Townsend's Solitaire

Townsend’s Solitaire

Male (above) and female (below) hybrid Northern Flickers

Male (above) and female (below) hybrid Northern Flickers

We turned our attention back to the water, and found this lone American Coot. These aren’t a bird you expect to see all by its lonesome, nor in this kind of weather! An early arrival, and quite the surprise to see here! There were also a good number of Northern Shovelers in the north-east section of lake, though with the snow and wind picking up, good photos were hard to come by.

American Coot

American Coot

female (left) and male (right) Northern Shovelers

female (left) and male (right) Northern Shovelers

male Northern Shoveler (digiscoped with Swarovski ATX 85 + Pentax K-30)

male Northern Shoveler
(digiscoped with Swarovski ATX 85 + Pentax K-30)

From here on, we powered through to the end, with a few stops to check out some unusual sounds and sights, and a few nice finds in the sloughs east of Elliston Park, including many more Northern Shovelers, American Wigeons, and even a lone male Ruddy Duck, the blowing snow played havoc with my auto focus, and I didn’t make it back around after the walk with the digiscoping setup.

 

I did end up heading back to check out the gulls with the digiscope rig, and while I didn’t find anything particularly uncommon, the practice with both stationary birds and birds in flight was absolutely priceless. While I’ve already had some experience with digiscoping, the ease which I was able to pick up the different skills that this scope requires, as well as the particular idiosyncrasies of the setup were very quick to adapt to, and the learning curve was extremely shallow. I have to say, it’ll be a hard sell to go back to the other gear once June comes around!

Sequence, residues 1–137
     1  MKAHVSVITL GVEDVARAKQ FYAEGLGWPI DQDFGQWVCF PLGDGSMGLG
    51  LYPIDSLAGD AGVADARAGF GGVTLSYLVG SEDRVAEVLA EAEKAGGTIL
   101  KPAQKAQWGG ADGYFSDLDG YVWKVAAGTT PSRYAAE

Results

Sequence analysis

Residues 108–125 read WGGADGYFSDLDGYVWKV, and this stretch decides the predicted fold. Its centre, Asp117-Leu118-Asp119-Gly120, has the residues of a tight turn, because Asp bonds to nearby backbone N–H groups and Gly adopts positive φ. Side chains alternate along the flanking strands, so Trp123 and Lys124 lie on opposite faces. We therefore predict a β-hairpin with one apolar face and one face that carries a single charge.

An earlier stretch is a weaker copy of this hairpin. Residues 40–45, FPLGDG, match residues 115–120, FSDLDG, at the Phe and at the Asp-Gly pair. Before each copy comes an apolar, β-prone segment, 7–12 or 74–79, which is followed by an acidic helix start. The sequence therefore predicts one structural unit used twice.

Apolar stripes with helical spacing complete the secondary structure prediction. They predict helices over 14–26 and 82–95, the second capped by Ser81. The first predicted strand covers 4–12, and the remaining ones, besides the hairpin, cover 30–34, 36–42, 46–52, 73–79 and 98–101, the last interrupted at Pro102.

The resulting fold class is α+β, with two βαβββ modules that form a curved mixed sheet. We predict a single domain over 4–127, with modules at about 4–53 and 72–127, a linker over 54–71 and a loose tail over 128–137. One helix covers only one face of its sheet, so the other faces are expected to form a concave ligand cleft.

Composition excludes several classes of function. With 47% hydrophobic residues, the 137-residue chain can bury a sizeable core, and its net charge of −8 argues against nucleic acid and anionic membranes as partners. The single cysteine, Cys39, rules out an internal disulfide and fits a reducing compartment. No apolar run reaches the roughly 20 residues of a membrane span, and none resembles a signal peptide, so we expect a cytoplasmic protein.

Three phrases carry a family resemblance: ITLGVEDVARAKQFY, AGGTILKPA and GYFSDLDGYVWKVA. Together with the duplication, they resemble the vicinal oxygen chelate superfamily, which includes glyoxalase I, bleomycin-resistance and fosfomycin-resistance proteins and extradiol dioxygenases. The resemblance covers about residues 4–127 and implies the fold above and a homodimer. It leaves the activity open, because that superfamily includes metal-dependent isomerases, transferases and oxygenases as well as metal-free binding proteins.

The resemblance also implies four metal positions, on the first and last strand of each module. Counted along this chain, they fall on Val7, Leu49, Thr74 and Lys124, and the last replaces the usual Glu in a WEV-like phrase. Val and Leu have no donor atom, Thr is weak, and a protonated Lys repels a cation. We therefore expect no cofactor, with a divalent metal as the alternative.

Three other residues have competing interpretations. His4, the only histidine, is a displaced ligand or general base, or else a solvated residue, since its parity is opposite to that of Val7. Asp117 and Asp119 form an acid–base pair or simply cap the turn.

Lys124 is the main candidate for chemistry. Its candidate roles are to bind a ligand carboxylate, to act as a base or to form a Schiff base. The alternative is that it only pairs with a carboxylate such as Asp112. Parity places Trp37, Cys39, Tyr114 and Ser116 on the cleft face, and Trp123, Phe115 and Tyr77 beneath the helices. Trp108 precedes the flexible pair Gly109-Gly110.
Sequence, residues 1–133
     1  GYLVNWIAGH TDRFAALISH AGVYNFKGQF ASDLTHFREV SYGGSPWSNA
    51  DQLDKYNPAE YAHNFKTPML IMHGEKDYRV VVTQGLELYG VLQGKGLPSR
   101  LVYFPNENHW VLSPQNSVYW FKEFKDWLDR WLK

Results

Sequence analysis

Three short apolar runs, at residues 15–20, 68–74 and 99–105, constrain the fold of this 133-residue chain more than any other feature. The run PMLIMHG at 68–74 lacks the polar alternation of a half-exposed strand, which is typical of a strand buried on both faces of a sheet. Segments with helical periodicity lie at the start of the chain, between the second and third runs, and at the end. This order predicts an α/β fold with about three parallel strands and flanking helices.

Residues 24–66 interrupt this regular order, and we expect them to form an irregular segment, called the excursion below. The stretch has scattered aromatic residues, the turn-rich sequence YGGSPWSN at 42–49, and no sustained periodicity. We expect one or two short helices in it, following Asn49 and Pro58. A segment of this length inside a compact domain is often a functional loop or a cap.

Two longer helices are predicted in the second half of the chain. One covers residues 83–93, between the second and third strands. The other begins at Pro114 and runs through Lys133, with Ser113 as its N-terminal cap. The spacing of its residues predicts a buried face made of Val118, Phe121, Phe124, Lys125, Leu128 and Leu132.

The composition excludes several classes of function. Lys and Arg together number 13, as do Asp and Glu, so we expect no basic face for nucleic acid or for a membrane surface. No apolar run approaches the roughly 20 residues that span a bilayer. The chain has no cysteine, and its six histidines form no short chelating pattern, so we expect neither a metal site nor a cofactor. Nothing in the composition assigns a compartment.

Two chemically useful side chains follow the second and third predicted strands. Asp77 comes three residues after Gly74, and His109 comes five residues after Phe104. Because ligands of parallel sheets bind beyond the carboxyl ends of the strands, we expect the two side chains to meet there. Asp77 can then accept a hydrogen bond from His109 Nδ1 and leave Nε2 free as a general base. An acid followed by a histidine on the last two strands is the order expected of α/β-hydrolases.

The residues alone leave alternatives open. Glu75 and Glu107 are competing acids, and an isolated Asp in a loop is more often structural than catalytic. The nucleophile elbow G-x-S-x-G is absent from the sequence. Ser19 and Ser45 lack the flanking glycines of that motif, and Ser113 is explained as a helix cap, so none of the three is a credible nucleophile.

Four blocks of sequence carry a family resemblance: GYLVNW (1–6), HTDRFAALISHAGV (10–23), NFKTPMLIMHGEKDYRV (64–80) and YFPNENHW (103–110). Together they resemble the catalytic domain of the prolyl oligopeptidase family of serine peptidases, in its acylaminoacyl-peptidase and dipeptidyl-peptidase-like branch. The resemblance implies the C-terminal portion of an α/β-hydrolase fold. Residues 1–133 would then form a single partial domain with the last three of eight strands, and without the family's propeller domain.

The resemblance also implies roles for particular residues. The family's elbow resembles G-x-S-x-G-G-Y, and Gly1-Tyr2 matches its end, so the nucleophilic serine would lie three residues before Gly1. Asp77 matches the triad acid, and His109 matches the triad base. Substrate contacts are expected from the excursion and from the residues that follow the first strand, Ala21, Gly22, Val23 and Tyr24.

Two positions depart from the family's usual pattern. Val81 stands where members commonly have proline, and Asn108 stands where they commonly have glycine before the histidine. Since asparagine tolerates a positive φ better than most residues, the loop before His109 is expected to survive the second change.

Herring, California, and Ring-billed Gulls (digiscoped with Swarovski ATX 85 + Pentax K-30)

Herring, California, and Ring-billed Gulls
(digiscoped with Swarovski ATX 85 + Pentax K-30)

California Gull in flight (digiscoped with Swarovski ATX 85 + Pentax K-30)

California Gull in flight
(digiscoped with Swarovski ATX 85 + Pentax K-30)

Herring Gull in flight in the snowstorm (digiscoped with Swarovski ATX 85 + Pentax K-30)

Herring Gull in flight in the snowstorm
(digiscoped with Swarovski ATX 85 + Pentax K-30)

See you next week, and good birding!

Griffith Woods – New surprises at every turn

Posted by Dan Arndt

As I wrote in my original post about Griffith Woods with the Winter Birding course,  I haven’t had much opportunity to visit this beautiful park on the edge of the city, and Sunday morning was only my second visit. The route we took this week was almost identical to the one we took in March, but the birds we saw were vastly different.

 

Griffith Woods

Griffith Woods – 5km Walking Route

We started by walking east from the parking lot, where we were inundated by a huge number of birds singing. Not only new birds for the year for many of us, but for myself at least one new life bird, and great views of others that I’d only seen in the distance or through foliage. Both White-crowned and White-throated Sparrow species were present and singing, but we also heard and saw a single male Purple Finch.

White-throated Sparrow

White-throated Sparrow

 

White-crowned Sparrow

White-crowned Sparrow

 

On the river itself, a few Spotted Sandpipers searched for food along the shore, while a pair of Belted Kingfishers patrolled the river in search of small fish.